Off-payroll working in the private sector: what it means for you
You may have read a lot in the press over the last couple of years about self-employment tax rules in the public sector with many BBC reporters having been challenged over their tax affairs.
Not unexpectedly, the same changes that were introduced to the public sector have been widened to the private sector and will take effect from April 2020.
What do the changes mean?
When your organisation hires consultants, contractors or freelancers via personal service companies, you may still be responsible for deducting tax at source (e.g. PAYE) from the payments to that personal service company, even though the individual doing the work is not your employee. This is the government’s way of putting responsibility for collection of taxes into fewer, larger organisations’ hands and effectively making their tax collections easier.
Will these rules apply to my organisation?
The operation of the new rules is expected to largely mirror those currently in play in the public sector with the exception that small businesses will not be affected. A small business for these purposes means one that, based on the last financial statements prepared before each tax year commences, has two out of three of the following:
- not more than 50 employees;
- turnover of less than £10.2 million; or
- a balance sheet total of not more than £5.1 million.
So what do the changes mean for my business?
The set of considerations, and thus burden of deciding on a contractor or freelancer’s employment status, is now the same regardless of whether they are invoicing your business personally, via a personal service company or via an intermediary. Your business can no longer rely on the protection that being invoiced via a personal service company or intermediary currently offers it.
The new rules will mean that when engaging with individuals, consultants, contractors or freelancers who provide their services through their own company, your organisation will need to decide if tax should be deducted at source. So, if the individual is regarded as an employee and is providing their services directly to your business, then you will need to deduct income tax and employee NICs and pay employer NICs even when the services are provided through a personal service company.
If your business is paying an agency that has the contract with the individual’s personal service company, then the agency would be responsible for the deduction of these payroll taxes but you, as the end user of the services, must tell the agency whether the off-payroll working rules apply.
What should I do now?
If these changes apply to your business (i.e. you are not classified as a small business) then you should review all relationships and contracts held with contractors, freelancers, consultants etc to determine whether you should be deducting tax at source. You may decide whether to make changes to the way you engage with these individuals and the contracts you have with them, in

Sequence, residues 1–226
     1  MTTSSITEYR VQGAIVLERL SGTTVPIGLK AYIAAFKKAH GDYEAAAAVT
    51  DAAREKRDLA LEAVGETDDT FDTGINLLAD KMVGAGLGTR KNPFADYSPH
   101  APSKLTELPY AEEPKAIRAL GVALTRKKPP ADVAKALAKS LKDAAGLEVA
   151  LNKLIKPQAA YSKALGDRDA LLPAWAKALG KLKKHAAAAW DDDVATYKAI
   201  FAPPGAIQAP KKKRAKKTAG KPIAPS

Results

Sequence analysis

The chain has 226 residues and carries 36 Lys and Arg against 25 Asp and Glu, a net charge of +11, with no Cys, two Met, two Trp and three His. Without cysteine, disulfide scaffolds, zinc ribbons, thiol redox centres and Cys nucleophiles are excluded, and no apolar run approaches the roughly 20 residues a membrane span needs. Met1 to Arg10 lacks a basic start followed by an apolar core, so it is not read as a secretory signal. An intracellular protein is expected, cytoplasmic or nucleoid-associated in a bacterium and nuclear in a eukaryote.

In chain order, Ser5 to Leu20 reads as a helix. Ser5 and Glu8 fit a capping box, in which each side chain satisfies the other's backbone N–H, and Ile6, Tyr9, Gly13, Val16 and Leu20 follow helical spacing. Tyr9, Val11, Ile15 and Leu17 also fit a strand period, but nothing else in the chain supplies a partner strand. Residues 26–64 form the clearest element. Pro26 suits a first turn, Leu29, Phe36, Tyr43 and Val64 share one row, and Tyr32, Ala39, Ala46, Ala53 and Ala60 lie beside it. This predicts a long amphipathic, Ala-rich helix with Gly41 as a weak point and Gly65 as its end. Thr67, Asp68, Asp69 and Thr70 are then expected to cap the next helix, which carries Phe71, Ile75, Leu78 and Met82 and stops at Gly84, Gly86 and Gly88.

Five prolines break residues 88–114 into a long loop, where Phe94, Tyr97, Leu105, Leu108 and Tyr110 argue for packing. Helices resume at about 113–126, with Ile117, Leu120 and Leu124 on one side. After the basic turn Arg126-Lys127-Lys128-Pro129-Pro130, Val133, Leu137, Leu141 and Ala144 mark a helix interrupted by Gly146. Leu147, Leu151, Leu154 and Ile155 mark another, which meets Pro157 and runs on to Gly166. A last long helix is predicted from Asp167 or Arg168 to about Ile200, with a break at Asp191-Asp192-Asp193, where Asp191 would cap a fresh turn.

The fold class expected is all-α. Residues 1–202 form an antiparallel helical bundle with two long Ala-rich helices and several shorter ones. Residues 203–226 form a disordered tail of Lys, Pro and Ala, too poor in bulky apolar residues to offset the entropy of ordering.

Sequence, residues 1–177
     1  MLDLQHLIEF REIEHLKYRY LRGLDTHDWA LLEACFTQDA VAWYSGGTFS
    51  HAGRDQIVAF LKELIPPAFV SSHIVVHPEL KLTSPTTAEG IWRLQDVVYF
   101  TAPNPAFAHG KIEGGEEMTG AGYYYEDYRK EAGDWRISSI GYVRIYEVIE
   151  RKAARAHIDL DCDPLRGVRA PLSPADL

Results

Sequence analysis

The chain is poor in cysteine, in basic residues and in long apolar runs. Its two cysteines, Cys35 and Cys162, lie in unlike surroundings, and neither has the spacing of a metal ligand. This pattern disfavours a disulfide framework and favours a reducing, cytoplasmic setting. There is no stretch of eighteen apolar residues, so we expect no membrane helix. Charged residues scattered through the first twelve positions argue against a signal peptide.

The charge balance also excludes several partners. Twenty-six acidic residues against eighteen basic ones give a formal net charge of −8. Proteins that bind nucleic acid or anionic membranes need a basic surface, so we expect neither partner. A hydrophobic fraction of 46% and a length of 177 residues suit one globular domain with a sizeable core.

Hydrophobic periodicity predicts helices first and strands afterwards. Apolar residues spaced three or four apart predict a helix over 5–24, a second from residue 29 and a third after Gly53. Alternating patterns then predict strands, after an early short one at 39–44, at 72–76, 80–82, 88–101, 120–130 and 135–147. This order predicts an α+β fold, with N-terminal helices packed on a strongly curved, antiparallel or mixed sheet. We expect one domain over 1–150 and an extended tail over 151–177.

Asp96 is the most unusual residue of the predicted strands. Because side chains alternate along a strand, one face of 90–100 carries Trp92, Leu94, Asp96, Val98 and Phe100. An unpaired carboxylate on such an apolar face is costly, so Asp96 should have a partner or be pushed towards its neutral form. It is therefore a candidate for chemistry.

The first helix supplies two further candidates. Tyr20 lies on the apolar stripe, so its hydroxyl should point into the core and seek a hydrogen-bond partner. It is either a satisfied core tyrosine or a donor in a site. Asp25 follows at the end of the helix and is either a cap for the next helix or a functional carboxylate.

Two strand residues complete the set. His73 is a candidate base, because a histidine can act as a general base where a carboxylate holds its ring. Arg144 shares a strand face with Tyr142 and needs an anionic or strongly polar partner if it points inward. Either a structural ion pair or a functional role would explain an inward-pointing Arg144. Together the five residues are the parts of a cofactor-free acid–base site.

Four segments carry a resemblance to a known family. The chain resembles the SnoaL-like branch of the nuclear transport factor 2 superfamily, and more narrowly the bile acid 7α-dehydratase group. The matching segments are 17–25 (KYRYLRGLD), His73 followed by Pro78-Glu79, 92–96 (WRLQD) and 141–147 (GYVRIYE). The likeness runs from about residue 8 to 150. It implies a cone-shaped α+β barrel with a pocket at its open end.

order to reduce the chances of them being caught by the new legislation.
HMRC recommend that businesses use the ‘Check Employment Status for Tax’ (‘CEST’) service to determine the worker’s status and that a copy of the results are kept on file. This can easily be found on the HMRC website although there is some doubt whether this tool accurately reflects the rules.
The main factors HMRC considers in this test are control, substitution and financial risk. Would your business be prepared to accept a suitable experienced substitute if the preferred contractor was unavailable?
There is an on-going consultation into the definition of self-employment. In addition, the current version of CEST has also been heavily criticised for ignoring one of the key tests for self-employed status, namely “mutuality of obligations”. Therefore, we may well see the CEST tool being re-written in the future, once there is a conclusion to the employment status consultation.
If, after this review, you conclude that tax should be deducted at source from those invoicing via a company, then your payroll provider will need to be informed. The reporting requirements are different so a new PAYE scheme may be needed.
The business will also need to decide which party is bearing the cost of the employer’s National Insurance contributions and apprenticeship levy. If this is to be paid by the business, will it expect to pay a reduced day rate to the contractor to cover this? Will the contractor be willing to accept this?
Finally, the consultation also suggests that there will be a legal requirement for each business engaging contractors to develop and implement a process to resolve disagreements with off payroll workers. This could be a drain on management resources if managed internally or costly if outsourced to external HR consultants.
Some businesses may find this change too difficult to administer and perhaps offer short-term employment contracts, rather than contracts with personal service companies.